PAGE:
Waldron & Schneider

Families First Coronavirus Response Act and New Employer Obligations

On March 18, 2020, the President signed the Families First Coronavirus Response Act (“Act”).  This new legislation affects employers in the wake of the COVID-19 pandemic.  The following provisions are effective April 2, 2020, and continue through December 31, 2020.

The first component is an expansion of the Family Medical Leave Act (“FMLA”).  If an employer engages more than 50 employees, the employees are covered under the FMLA, which provides up to 12 weeks of unpaid leave for qualified family needs.  The expansion now provides the following:

  1. Expanded Coverage: FMLA has now been expanded on a temporary basis. Whereas the FMLA previously only applied to employers with more than 50 employees, now, all employers with fewer than 500 employees are covered by FMLA through the end of 2020. However, only a previously covered employer (with more than 50 employees) is subject to penalties if an employee sues for violation of the Act under the new qualifying reason. This means that thousands of employers who were not previously obligated to provide FMLA leave are now required to give leave specifically for COVID-19 related claims. 
  2. Expanded Eligibility: The expansion decreases the eligibility requirement for an employee for claims related to COVID-19. Under standard FMLA rules, an employee must be employed for at least a year before they have the ability to utilize FMLA leave.  For the expanded coverage claims, however, an employee must only be employed for 30 days to qualify for the leave. The Act does provide for the potential exemption of a small business with fewer than 50 employees if the leave requested would jeopardize the business’s viability.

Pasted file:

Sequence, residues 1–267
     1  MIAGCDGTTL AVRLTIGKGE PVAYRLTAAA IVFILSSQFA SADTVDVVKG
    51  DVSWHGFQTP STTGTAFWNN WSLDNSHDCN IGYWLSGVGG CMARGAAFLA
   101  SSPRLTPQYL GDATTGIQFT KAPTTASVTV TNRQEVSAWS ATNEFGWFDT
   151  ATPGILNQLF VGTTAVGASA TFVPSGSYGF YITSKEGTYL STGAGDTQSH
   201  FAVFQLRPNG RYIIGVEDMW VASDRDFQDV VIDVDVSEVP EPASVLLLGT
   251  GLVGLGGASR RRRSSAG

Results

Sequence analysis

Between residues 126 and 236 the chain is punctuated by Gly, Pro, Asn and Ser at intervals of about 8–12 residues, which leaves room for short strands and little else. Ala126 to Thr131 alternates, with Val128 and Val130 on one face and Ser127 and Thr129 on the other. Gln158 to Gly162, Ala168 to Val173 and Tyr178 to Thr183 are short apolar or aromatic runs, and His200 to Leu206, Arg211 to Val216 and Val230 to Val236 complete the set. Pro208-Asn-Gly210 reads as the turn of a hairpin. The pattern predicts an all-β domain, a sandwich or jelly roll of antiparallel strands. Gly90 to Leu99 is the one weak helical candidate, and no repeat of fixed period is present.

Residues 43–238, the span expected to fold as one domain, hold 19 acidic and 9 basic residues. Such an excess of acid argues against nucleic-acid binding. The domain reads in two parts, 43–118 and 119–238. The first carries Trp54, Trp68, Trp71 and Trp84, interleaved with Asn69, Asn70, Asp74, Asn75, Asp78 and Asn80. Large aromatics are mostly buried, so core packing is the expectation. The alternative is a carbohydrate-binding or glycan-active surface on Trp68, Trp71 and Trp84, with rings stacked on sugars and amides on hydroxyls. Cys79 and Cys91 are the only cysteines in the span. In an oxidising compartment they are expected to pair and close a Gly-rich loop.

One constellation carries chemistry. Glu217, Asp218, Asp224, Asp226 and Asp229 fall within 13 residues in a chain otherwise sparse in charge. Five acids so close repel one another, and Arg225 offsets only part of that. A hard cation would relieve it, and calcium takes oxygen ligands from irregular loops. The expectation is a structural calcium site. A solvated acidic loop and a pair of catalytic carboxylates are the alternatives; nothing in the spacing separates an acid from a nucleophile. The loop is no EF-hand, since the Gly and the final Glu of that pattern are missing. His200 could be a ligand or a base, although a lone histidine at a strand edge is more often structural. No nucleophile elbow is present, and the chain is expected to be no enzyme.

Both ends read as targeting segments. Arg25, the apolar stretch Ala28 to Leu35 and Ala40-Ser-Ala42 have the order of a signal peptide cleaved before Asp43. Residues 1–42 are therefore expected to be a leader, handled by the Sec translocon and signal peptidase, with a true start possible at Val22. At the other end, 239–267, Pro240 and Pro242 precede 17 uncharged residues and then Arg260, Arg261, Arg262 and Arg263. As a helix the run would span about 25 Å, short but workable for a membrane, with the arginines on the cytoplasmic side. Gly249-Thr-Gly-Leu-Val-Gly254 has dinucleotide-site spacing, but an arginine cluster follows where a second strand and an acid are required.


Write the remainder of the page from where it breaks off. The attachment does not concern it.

3. Basis for Emergency Leave: The expanded coverage and eligibility applies specifically to the new qualifying need related to a public health emergency. The new coverage allows a qualified employee to take up to 12 weeks of job-protected leave, assuming they are unable to work on site or remotely (telework), to care for the employee’s child (under 18 years old) if the child’s school or childcare facility is closed or unavailable due to a public health emergency.  This is the only qualifying need for the Emergency FMLA. 
  4. Paid Leave: Under “standard” FMLA leave, the first 14 days of leave are unpaid and an employee can elect to use any other paid time off available thorugh their employer.  Under the Emergency FMLA, only the first 10 days are unpaid. During this 10 day period, an employee may still use any available paid time off from their employer.  After the 10 day period, the employer must pay full-time employees at least 2/3 of the employee’s regular rate of pay for the number of hours the employee would have worked but for the emergency qualifying need. The compensation is capped at $200 / day or $10,000 aggregate per employee.  For employees working on a part-time or irregular schedule, the employer is required to pay based on the average number of hours the employee worked for the 6 months prior to taking leave for the qualifying emergency. If a subject employee has been employed less than 6 months, the compensation is based on the reasonable expectation when hired of the average number of hours they would be expected to work.